A battle for streaming supremacy between Disney and Apple presents new questions, ideas & possible models
|Oct 9||Public post|
a Trendency Feature
This fall two of the world’s most recognized and well-known American companies, Disney and Apple, will launch their digital streaming services. Both companies say they will be spending billions on their new services, including the development of original content. And while both have money to burn and are projected to lose an equal amount of money out of the gate, this clearly marks the beginning of a new era.
Before you think this is episode one, season one – it’s not. This “new model” has been around for a while with Netflix, Hulu, YouTube and others that have paved the way for cord-cutters and those looking for content that does not have to conform to the norms of standard television. Stranger Things, The Handmaid’s Tale, and The Man in the High Castle – all major bets by streaming services - have helped increased their number of subscribers and developed a loyal following of viewers waiting for the next binge-worthy show.
With all that being said, and before we anoint a new successor, cable is still the most common avenue for entertainment in the U.S., although probably not for long.
According to our Trendency data, adults watch cable 55 percent of the time compared to 45 percent of their viewing time dedicated to streaming services. Considering that Netflix started its streaming service in 2007, the fact that cable has lost close to half of its market share in about a decade is astonishing. And it’s only going to get worse for cable companies. Adults under 45 years old, according to our data, are already spending most of their time (59 percent) on streaming services and just 41 percent on cable. The good news (or bad news depending on how you want to spin it) for cable is the bottom hasn’t completely fallen out.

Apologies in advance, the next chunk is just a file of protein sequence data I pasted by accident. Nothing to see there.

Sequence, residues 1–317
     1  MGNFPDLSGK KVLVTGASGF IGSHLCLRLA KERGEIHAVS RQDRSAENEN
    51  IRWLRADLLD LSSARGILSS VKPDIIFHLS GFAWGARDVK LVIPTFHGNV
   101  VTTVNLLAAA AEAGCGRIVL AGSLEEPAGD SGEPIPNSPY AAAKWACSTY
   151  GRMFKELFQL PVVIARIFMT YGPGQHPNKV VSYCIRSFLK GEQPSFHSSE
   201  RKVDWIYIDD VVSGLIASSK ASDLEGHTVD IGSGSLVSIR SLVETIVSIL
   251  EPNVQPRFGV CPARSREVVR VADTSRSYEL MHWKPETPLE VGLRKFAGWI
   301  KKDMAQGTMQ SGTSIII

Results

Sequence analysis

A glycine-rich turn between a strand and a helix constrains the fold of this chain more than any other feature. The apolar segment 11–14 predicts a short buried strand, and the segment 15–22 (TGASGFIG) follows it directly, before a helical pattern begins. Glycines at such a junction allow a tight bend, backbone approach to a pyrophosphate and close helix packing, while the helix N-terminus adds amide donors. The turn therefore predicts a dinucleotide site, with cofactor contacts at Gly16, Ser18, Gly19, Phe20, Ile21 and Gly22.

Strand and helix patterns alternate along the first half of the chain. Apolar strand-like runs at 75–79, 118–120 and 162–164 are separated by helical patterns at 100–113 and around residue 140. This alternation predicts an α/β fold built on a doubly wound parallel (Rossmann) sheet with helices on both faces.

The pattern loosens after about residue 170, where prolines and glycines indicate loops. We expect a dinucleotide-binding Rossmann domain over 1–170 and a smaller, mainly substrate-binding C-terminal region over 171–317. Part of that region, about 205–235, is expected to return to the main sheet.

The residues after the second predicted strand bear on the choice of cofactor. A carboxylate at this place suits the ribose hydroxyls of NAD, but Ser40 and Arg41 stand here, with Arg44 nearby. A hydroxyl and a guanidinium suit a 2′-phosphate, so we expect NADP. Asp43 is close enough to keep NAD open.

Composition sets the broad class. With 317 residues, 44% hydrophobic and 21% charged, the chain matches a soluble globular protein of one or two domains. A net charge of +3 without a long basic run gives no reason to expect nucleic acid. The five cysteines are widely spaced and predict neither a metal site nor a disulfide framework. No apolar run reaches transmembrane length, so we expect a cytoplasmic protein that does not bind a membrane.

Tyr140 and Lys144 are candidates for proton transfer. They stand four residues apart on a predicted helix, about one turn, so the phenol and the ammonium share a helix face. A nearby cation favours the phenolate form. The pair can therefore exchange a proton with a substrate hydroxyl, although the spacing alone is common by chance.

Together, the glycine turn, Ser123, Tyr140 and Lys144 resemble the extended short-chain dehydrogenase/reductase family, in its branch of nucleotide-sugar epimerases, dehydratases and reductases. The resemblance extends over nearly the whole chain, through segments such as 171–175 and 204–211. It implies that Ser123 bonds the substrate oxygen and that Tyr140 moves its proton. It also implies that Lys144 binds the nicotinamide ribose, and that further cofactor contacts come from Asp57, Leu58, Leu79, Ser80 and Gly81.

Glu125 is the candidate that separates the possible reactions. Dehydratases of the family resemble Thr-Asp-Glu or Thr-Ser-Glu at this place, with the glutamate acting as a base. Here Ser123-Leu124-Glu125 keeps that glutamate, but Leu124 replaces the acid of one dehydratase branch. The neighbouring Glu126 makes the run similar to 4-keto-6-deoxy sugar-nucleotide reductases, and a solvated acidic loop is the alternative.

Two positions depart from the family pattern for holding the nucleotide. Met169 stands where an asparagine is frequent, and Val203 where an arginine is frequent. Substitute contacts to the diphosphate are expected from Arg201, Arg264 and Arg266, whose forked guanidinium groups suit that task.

Cutting the cord (i.e. ditching cable subscriptions entirely) is a popular discussion in the office or neighborhood gatherings, but it hasn’t translated into action quite yet. Sixty-one percent (61 percent) of adults under 45 said they have cable packages, compared to 66 percent of all adults. Again, good news for cable until we ask the follow-up question: “what are the chances you cut the cord in the next year?” Then two-thirds of those who have not cut the cord yet say there would be at least some consideration of doing so.
While younger adults are an obvious driving factor for the shift towards streaming services, they are not the only ones. Trendency found that women, by a 2 to 1 ratio, make up the shift towards streaming services, with 28 percent of women under 45 exclusively watching entertainment through streaming services. If the future is indeed female, then companies shouldn’t be running towards streaming services – but building a one-way, high-speed pipeline.
Trendency Projects 9.5 Million US Subscribers for Disney+ in 2020.
Given these numbers, it is not surprising to see Disney and Apple making this move. Disney is projecting 60 – 90 million subscribers worldwide by 2024, with US subscriptions making up a third. In June, Morgan Stanley analyst Benjamin Swinburn said these are likely conservative projections, and pegged Disney+ to be closer to 130 million in five years with 13 million at the end of 2020 (again, worldwide). Based on the responses from our panelists, Trendency projections may still be too conservative – at least with regards to the U.S. subscribers. Indeed, we are projecting 9.5 million US subscribers in 2020. For comparison purposes, Netflix has around 60 Million U.S. subscribers, and in 2018 added 5.7M new subscribers.